After the arraignment and before the trial, defendants can go through a preliminary hearing. It is optional, but it is something that you should take advantage of because the hearing can help you now and in the future.
The preliminary hearing is an important part of any criminal defense case, and it is a threshold that prosecutors must cross to continue the case against you. Essentially, a preliminary hearing is a mini-trial to see if there is sufficient evidence for you to be tried for any crimes with which you are charged.
Preliminary Hearings Are Meant to Establish Probable Cause
The preliminary hearing will happen very early in your case. According to Wisconsin law, it must be held within 20 days after your release from custody or within ten days when you are still being held in custody. The purpose of the preliminary hearing is to determine whether there is probable cause to proceed with the criminal case.
Probable cause is a lower standard than the one used when your case goes in front of a jury. When it comes time to determine guilt, the jury must decide that the defendant is guilty of the crime beyond a reasonable doubt. Probable cause is not explicitly defined in the Constitution. In practice, it means that there are facts that would lead a reasonable person to believe that a crime may have been committed.
Preliminary Hearings Are Very Similar to Trials
Even though a preliminary hearing happens at an early phase of the case, the prosecution will still need to present some evidence that shows probable cause. If they do not have this evidence, the judge will dismiss the charges, and the case will not continue.
If preliminary hearings seem a lot like trials, it is because they are. Prosecutors must put on evidence at the preliminary hearing. Instead of trying to persuade a jury to convict the defendant, they must convince the judge to allow the trial to continue.
Each side has the ability to call and question its own witnesses at a preliminary hearing. The defendant’s attorney can cross-examine the prosecution’s witnesses. In addition, the defense can call their own witnesses to testify, who will also be subject to cross-examination. Witnesses testify under oath the same way as at a full-fledged trial. The prosecution and defense also have the right to introduce their own evidence at the preliminary hearing.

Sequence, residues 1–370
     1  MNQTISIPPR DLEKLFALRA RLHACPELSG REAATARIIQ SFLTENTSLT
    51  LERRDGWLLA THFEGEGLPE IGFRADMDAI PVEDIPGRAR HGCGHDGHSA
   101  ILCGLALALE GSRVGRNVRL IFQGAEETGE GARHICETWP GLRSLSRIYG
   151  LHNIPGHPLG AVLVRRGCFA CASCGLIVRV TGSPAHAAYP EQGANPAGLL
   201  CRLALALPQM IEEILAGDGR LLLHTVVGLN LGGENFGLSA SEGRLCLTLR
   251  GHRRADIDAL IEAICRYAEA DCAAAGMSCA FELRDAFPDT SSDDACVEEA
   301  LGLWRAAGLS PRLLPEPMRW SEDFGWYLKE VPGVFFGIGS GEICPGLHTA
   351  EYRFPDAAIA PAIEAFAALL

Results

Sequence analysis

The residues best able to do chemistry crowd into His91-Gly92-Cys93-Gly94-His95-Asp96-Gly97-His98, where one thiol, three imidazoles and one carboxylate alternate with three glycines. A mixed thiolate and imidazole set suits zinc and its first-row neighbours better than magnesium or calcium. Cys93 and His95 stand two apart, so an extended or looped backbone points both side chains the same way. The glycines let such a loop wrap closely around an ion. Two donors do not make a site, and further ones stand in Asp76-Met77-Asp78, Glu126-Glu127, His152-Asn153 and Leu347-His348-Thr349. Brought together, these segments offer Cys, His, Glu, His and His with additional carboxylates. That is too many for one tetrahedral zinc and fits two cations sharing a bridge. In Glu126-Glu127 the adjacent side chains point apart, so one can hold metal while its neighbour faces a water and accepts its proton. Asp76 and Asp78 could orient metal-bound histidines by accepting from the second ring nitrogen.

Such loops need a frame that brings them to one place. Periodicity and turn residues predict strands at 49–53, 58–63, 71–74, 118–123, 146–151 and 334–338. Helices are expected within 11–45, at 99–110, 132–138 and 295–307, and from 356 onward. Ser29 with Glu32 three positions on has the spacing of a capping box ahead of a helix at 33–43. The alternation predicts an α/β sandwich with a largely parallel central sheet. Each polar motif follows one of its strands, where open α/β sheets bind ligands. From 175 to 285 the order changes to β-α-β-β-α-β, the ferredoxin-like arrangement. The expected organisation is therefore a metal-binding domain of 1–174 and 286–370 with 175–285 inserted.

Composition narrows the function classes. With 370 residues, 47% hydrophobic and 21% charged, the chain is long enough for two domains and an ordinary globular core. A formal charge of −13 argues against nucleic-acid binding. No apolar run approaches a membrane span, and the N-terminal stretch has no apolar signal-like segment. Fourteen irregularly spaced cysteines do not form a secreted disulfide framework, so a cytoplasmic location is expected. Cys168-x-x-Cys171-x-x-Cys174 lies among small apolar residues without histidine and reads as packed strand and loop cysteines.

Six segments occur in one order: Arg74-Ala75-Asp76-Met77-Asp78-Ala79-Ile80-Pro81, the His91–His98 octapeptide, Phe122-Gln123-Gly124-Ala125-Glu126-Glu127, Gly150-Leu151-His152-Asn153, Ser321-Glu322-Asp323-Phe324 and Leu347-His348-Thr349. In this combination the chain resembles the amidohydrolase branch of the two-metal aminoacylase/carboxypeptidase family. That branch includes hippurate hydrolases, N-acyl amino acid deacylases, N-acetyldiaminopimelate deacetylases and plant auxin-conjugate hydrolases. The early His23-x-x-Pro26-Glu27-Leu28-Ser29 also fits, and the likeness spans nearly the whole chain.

Even with the ability to present evidence, a preliminary hearing will not take very long. Usually, the hearing may last for an hour or two. It can even be over in as little as a few minutes. In spite of the short period of time, preliminary hearings are more than just a formality in a case.
What the Defense May Accomplish at a Preliminary Hearing
As the defense, there are a few things that you might accomplish at the preliminary hearing:
- Show that you have an alibi
- Attack the credibility of a prosecution witness
- Show that the prosecution cannot prove one or more elements of the crime
The prosecution will make their case why the defendant should stand trial, while the defense will seek to sow enough doubt in the mind of the judge that they drop the charges. In these hearings, the burden of proof is on the prosecutor, although it is a lower burden of proof than they have at trial.
There are rules that are less strict on evidence that can be used at a preliminary hearing than there are if your case goes to trial. The defense does not have the right to object to evidence used at the preliminary hearing, even if it is something that cannot be shown to a jury at trial.
Preliminary Hearings Can Give You an Idea of the Case Against You
In all likelihood, the prosecution will show that there is probable cause to proceed with the criminal charges. However, you will still have every reason to participate fully in the preliminary hearing process. While the defendant has the right to waive the preliminary hearing, it is not in their interest to do so. Here, you always have a chance of persuading a judge to drop the charges. Even if the judge does not fully dismiss the case, they can dismiss some of the charges against you. In addition, you can get an early look at some of the prosecution’s case against you and begin to sow some doubt in the mind of the judge.
In many cases, the preliminary hearing is the first building block of the defense that will be used at trial. It is unlikely that you will take down the prosecution’s entire case in a brief preliminary hearing. However, a strong showing at the preliminary hearing can also persuade the prosecution that they may either need to drop some of the charges against you or begin to negotiate a more favorable plea bargain. In a criminal defense case, you rarely win everything all at once. Instead, it is a process as you work towards the most favorable outcome.
In any event, what happens at the preliminary hearing should give a defense attorney somewhat of a road map to build the defense for the trial. Therefore, you should hire an attorney before the preliminary hearing in enough time for them to prepare adequately.
Contact an Appleton Criminal Defense Lawyer Today
If you have been charged with a crime, it is in your best interests to hire an attorney as soon as possible so that you can be ready for something like the preliminary hearing. The attorneys at Hogan Eickhoff are here when you need us and able to work on your case at a moment’s notice. Call us at (920) 450-9800 or contact us online to schedule your free initial consultation. The sooner that you hire an attorney, the quicker that you may defend the charges against you at every stage of the case.